Dior Man S/S 2020

Harder still for a men’s designer like Kim Jones, because going back a few decades, the Dior reputation in menswear was simply that the house provided conventional gray suits, safe for middle-management upward. Jones, however, is 21st-century smart. He says he sees Christian Dior from the point of view of a very long-term legacy—what history will record that he contributed to the house, in the future. Which is why he saw a connection with American artist Daniel Arsham, whose practice is imagining future archaeologies—what people (if there are people by then) will make of the clues humans leave behind about our cultures and technologies centuries hence.

Jones commissioned Arsham to make an installation of giant DIOR capital letters, crumbling cement sculptures situated amid serenely surreal pink desert sand. Above the entrance to the show was a faux clock, cracked and chipped; it was a reimagined replica of the one that Arsham and Jones saw in a photograph of Christian Dior in his office in the ’50s—the very same one is there today, ticking away the minutes as all of Jones’s predecessors have come and gone.

It gave him a conceptual landscape in which to place his own rediscovery of the Dior gray men’s suit, once thought impervious to fashion and strictly separated in its 20th-century masculine gendered category, still a huge one for the brand. Jones, cleverly, has set about putting his own imprint on the business by continuing to place tailoring at its core—not going so far as to scare off the existing customer, but by incrementally transferring flourishes and techniques from the women’s couture side of the house. Last season, he unearthed the key to this Dior solution when he added a diagonal satin sash—a memory of Christian Dior’s haute couture—to the template of the male suit. It has met with success, he says: “People have been ordering them for weddings—lots of men, women too. It’s become a real business of its own.”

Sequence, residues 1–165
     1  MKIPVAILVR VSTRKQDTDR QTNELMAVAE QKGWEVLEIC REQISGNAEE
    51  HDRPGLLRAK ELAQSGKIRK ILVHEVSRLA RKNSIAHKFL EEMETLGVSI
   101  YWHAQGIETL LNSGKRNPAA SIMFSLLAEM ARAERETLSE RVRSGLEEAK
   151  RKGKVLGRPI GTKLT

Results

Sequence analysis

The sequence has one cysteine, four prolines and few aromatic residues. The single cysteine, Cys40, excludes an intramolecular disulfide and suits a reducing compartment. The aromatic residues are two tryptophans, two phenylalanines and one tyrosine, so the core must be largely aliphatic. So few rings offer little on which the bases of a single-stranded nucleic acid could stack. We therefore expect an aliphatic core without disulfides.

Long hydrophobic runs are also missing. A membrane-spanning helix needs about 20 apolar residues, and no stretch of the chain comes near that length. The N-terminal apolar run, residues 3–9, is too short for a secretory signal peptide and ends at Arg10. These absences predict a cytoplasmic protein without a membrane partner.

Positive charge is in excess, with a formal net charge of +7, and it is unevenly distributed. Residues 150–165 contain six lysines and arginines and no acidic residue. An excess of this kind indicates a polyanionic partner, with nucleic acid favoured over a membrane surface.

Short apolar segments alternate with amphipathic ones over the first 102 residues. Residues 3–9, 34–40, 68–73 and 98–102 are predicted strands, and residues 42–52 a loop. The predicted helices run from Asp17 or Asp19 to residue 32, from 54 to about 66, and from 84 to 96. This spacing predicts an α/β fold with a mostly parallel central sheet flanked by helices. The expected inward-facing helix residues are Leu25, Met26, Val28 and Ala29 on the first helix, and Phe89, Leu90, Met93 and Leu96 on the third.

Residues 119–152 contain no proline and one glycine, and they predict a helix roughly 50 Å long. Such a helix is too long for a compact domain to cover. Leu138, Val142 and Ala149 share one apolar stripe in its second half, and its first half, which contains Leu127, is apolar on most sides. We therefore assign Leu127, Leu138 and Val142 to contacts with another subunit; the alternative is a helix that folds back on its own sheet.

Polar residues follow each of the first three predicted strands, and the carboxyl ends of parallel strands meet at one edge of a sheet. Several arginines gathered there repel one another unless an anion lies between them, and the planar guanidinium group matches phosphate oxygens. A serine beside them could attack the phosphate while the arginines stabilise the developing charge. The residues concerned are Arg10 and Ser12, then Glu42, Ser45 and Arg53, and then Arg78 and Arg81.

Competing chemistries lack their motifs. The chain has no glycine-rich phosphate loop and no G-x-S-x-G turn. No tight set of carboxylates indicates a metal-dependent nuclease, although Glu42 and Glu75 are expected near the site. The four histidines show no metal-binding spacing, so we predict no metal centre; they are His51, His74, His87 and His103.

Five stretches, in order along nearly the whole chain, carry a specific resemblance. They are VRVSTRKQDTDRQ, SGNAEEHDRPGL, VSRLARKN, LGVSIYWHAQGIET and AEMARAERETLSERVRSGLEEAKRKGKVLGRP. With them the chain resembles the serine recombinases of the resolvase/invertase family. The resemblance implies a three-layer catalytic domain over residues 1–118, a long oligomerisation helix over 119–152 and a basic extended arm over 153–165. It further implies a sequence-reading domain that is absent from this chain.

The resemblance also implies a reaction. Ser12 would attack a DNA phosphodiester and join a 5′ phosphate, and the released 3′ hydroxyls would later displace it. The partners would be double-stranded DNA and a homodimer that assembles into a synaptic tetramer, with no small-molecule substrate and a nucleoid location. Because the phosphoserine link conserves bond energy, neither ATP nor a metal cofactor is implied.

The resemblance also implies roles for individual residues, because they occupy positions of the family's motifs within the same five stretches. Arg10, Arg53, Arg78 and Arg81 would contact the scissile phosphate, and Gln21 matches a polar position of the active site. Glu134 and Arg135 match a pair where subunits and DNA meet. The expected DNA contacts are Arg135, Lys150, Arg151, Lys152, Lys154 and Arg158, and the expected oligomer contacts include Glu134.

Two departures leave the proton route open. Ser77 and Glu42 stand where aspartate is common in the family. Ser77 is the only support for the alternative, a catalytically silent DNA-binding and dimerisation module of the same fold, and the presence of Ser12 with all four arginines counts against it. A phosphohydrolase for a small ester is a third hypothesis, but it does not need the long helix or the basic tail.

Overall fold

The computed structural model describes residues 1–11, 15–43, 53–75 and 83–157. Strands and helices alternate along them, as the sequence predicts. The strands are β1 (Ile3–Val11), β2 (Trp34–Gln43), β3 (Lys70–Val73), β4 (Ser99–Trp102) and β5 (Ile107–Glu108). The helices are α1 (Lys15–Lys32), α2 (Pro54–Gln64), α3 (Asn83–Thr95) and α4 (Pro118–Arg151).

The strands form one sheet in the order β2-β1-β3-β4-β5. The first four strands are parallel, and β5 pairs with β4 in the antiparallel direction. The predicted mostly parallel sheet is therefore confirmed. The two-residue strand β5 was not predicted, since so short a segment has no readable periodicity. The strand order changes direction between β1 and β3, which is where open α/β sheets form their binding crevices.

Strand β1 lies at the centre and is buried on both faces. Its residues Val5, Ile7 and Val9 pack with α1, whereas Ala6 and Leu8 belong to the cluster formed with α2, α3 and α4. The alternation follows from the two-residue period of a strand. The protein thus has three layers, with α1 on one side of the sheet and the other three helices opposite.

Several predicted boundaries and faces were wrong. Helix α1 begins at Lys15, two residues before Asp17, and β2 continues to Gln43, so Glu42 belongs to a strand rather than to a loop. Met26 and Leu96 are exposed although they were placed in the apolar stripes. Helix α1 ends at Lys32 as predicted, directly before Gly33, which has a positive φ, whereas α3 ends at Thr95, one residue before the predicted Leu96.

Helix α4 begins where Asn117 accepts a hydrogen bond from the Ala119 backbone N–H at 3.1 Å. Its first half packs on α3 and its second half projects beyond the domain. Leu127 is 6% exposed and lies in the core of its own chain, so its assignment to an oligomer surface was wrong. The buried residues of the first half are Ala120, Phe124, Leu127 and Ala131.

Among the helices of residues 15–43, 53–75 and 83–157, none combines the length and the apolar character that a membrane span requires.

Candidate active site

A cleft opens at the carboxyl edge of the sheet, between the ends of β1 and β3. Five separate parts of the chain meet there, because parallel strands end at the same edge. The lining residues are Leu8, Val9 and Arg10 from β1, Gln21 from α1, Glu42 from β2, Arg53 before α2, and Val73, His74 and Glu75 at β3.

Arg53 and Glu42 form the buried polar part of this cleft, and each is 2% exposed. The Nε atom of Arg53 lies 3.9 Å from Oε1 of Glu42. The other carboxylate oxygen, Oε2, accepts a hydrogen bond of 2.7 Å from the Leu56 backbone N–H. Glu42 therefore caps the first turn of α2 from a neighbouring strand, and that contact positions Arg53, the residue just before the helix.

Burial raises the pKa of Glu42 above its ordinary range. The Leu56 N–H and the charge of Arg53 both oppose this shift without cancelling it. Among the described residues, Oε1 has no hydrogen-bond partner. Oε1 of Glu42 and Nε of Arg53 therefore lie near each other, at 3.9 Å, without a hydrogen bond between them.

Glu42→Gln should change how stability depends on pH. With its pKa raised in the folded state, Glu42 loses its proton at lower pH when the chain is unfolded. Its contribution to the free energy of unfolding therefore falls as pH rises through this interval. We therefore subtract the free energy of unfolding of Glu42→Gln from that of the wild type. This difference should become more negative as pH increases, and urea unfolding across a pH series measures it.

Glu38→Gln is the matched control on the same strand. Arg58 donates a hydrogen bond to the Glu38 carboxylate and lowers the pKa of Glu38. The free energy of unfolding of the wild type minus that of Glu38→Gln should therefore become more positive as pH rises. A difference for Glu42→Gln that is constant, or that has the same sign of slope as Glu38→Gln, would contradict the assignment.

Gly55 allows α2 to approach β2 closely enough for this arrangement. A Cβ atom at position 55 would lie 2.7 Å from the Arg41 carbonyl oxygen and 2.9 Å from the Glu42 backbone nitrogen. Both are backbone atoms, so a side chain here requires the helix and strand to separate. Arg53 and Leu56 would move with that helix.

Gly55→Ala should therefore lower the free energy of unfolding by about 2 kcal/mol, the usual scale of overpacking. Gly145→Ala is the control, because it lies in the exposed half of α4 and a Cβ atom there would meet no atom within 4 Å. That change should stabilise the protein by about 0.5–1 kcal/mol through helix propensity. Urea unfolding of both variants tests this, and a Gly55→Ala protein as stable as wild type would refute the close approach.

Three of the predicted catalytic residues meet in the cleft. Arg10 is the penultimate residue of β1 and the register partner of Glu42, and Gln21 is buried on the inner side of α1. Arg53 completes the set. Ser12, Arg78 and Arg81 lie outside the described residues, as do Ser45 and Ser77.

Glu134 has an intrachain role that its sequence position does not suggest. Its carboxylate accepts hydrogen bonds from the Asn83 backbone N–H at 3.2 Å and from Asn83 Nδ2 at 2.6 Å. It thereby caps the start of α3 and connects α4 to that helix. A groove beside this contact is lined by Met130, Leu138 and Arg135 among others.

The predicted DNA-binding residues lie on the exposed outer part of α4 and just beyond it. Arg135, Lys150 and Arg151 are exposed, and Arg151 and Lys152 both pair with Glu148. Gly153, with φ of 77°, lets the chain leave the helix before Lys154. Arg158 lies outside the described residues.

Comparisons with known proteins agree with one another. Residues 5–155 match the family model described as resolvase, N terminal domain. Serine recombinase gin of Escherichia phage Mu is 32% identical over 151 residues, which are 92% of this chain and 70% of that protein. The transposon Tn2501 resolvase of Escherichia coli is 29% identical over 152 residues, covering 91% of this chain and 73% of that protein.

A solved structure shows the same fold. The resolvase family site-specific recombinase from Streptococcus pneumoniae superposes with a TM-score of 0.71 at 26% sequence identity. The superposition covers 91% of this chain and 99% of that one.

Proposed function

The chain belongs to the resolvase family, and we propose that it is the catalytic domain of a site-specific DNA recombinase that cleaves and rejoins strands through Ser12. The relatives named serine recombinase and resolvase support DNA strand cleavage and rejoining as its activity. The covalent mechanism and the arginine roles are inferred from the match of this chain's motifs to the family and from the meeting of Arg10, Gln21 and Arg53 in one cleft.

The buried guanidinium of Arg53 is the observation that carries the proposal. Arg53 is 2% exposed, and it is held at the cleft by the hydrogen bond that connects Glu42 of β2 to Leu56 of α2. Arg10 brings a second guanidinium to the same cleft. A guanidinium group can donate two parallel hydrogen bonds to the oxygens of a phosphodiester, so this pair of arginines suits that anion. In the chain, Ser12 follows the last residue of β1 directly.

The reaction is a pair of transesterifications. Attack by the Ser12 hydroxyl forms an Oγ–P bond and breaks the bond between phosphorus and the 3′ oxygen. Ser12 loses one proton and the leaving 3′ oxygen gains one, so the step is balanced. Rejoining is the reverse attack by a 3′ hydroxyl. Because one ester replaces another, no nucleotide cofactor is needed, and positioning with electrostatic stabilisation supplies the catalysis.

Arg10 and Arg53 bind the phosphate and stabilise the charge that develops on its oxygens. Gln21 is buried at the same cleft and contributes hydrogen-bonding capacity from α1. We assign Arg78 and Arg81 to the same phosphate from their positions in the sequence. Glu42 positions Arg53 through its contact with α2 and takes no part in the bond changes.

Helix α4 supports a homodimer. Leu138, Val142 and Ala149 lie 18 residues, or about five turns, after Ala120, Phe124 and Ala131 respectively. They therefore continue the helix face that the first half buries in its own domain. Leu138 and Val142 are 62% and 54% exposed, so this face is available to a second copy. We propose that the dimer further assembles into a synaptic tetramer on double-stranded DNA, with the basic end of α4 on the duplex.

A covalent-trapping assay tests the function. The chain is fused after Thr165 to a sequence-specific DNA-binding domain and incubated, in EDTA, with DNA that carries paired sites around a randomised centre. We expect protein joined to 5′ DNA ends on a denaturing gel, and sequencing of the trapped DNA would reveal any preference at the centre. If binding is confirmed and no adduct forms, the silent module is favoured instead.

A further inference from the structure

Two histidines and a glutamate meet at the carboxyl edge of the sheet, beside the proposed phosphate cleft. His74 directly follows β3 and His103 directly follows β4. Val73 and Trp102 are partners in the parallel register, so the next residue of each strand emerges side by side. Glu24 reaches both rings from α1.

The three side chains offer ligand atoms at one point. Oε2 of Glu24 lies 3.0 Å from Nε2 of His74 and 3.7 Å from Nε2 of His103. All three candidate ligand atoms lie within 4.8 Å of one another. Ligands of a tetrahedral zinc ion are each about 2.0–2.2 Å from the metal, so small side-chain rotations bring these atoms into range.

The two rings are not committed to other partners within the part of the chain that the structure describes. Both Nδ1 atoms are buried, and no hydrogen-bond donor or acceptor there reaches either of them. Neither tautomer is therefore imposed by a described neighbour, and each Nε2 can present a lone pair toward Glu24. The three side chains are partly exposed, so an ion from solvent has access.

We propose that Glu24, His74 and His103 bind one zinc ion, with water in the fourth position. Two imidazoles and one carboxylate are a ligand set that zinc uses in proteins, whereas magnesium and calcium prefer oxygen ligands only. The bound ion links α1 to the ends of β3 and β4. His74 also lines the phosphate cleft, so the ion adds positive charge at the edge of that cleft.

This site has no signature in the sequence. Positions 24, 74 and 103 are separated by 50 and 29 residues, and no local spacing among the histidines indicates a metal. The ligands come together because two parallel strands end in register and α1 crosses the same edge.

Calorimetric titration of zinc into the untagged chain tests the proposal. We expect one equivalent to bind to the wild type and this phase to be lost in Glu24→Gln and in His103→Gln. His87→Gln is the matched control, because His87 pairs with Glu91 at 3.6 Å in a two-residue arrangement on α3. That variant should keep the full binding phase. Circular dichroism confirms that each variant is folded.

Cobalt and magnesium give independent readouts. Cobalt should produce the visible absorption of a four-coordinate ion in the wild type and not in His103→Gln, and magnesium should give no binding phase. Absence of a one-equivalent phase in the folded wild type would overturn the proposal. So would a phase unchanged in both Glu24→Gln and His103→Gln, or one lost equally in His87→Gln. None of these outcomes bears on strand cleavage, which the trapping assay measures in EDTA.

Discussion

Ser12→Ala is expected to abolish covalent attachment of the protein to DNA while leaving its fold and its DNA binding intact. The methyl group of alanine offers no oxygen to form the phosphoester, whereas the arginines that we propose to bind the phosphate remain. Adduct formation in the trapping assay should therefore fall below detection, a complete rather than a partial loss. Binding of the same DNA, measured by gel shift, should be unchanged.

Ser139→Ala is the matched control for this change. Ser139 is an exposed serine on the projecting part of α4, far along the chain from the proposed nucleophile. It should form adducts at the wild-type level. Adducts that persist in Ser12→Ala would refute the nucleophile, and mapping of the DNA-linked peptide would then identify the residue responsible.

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@dior Harder still for a men’s designer like Kim Jones, because going back a few decades, the Dior reputation in #menswear was simply that the house provided conventional gray suits, safe for middle-management upward. Jones, however, is 21st-century smart. He says he sees #Christian Dior from the point of view of a very long-term legacy—what history will record that he contributed to the house, in the #future. Which is why he saw a #connection with American artist Daniel Arsham, whose practice is imagining future archaeologies—what people (if there are people by then) will make of the clues humans leave behind about our #cultures and technologies centuries hence. Jones commissioned Arsham to make an installation of giant DIOR capital letters, crumbling cement sculptures situated amid serenely surreal #pink desert sand. Above the entrance to the show was a faux clock, cracked and chipped; it was a reimagined replica of the one that Arsham and Jones saw in a photograph of Christian Dior in his office in the ’50s—the very same one is there today, ticking away the minutes as all of Jones’s #predecessors have come and gone. It gave him a conceptual landscape in which to place his own rediscovery of the Dior gray men’s suit, once thought impervious to fashion and strictly separated in its 20th-century masculine gendered category, still a huge one for the brand. Jones, cleverly, has set about putting his own imprint on the business by continuing to place tailoring at its core—not going so far as to scare off the existing customer, but by incrementally transferring flourishes and techniques from the women’s couture side of the house. Last season, he unearthed the key to this Dior solution when he added a diagonal satin sash—a memory of Christian Dior’s haute couture—to the template of the male suit. It has met with success, he says: “People have been ordering them for #weddings—lots of men, women too. It’s become a real business of its own.” Read and watch the whole reportage at https://wp.me/p9ckWS-Fv #ifnnetwork #internationalfashionnetwork #ifnfoundation

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